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I've been poking around with R graphical parameters trying to make my plots look a little more professional (e.g., las=1, bty="n" usually help). Started playing with tikzDevice, which was a huge improvement in my mind. It's amazing how much better things look when the font sizes and styles in the figure match those of the surrounding document.

I would like to add several effects to my plots and am interested in methods of doing so in a reproducible fashion. I realize that these might be considered "chart junk," but I find that in my field adding them is helpful to have output be considered professional.

Specifically, I would like to produce any or all of the following effects:

  1. Gradient shading gradient shading
  2. Rounded corners rounded corners
  3. Shadow effects


Code, references to appropriate packages, or outlines of strategies for accomplishing these effects would be helpful. Thank you.

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closed as not a real question by JD Long, Roman Luštrik, Brock Adams, Tim Post Nov 15 '11 at 9:32

It's difficult to tell what is being asked here. This question is ambiguous, vague, incomplete, overly broad, or rhetorical and cannot be reasonably answered in its current form. For help clarifying this question so that it can be reopened, visit the help center.If this question can be reworded to fit the rules in the help center, please edit the question.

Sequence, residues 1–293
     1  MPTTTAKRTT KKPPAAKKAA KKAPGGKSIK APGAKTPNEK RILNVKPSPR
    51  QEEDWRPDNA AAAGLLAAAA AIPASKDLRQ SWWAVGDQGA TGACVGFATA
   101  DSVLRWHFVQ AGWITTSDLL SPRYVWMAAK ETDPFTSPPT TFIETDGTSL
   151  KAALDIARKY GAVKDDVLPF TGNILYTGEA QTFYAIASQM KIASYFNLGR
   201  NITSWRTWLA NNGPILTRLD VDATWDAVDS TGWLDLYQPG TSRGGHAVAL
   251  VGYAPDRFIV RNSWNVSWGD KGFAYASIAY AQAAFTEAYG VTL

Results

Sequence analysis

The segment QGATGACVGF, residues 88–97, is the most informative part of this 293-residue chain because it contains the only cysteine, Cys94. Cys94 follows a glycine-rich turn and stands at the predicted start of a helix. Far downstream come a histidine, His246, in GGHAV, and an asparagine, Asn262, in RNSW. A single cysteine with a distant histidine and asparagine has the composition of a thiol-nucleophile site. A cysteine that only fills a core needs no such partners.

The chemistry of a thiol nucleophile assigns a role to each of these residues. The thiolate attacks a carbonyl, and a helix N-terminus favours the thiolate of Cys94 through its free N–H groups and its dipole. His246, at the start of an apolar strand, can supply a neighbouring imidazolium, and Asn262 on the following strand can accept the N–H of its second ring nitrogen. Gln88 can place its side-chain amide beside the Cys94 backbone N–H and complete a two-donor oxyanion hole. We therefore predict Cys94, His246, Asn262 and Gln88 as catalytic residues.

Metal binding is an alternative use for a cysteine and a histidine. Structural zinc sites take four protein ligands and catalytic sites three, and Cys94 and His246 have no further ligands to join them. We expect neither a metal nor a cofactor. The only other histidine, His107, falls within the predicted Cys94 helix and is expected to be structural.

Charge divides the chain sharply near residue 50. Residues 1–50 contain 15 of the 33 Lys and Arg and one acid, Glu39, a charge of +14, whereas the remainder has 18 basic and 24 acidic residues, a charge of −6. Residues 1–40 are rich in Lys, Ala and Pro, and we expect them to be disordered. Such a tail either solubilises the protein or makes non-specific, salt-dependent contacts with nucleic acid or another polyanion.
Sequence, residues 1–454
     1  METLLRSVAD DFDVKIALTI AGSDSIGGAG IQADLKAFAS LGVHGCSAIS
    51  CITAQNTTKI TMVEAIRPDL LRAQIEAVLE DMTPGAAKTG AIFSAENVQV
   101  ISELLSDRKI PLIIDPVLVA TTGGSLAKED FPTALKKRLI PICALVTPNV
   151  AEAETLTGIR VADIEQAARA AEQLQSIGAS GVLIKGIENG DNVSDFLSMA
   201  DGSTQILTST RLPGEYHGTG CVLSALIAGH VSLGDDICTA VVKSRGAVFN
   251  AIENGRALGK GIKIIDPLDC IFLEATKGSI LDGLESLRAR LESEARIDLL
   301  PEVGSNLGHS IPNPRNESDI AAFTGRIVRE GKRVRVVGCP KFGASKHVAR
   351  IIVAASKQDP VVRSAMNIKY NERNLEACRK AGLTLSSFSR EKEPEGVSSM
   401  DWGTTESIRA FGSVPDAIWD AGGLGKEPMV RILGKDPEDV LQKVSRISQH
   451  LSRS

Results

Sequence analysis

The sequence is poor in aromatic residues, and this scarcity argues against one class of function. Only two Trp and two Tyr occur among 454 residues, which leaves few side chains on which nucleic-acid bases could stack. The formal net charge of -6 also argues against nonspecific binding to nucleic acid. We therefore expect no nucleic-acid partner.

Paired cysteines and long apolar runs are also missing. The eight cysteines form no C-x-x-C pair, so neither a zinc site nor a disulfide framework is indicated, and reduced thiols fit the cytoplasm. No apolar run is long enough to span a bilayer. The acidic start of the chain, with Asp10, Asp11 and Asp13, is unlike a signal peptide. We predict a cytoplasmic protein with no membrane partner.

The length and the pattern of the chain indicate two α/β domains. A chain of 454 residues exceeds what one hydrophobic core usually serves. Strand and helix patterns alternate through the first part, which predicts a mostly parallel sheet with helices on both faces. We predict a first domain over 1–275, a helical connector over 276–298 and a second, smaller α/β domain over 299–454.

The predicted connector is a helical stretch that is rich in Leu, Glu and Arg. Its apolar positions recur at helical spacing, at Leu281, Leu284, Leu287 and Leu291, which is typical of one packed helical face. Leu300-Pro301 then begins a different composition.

Let me just briefly note that few (actually: probably none) of the R users I know consider Excel to be a standard to emulate.... – Dirk Eddelbuettel Nov 13 '11 at 4:50
As a side-note, rectangles with rounded corners are available in grid; adding a shadow (e.g. to text) is possible in both base and grid graphics; there have been examples of gradients using the recently introduced raster graphic functions. All these features are here, if one wants to use them on a specific example. – baptiste Nov 13 '11 at 6:02
Is there a way to make Jessica Alba look like Roseanne? – Matt Bannert Nov 13 '11 at 10:36
Might be better broken into three separate questions: How to get (1) gradient shading, (2) rounded corners, and (3) shadow effects. – Ari B. Friedman Nov 13 '11 at 14:09
The snark here may be justified, but I'm not sure the downvotes are:… . The OP isn't asking for help lying with statistics, just for help making graphs that hard-core R users and Tufte-ites (like me) disapprove of. baptiste and @gsk3's comments are the relevant ones ... – Ben Bolker Nov 13 '11 at 14:43
up vote 15 down vote accepted

You can make shadow lines by drawing several lines at an offset from the line generating the shadow. Start with a wide line (lwd=30, say) drawn in a pale grey (gray(1)) and then draw thinner lines coloured down to gray(.5). There's one shadow.

package:grid has a function for rounded rectangles. Or you can draw them in base graphics using segment and line and a bit of ancient greek geometry.

Psychedelic backgrounds can be splatted onto a base graphics canvas using 'image'. Generate the image using the 'raster' package in whatever resolution you like.

You could also use a package called something like RGoogleVis to interface with Google's charting, or export to JSON, and use something like D3 to do enterprise interactive graphics:

Or just load the darn data into Excel already.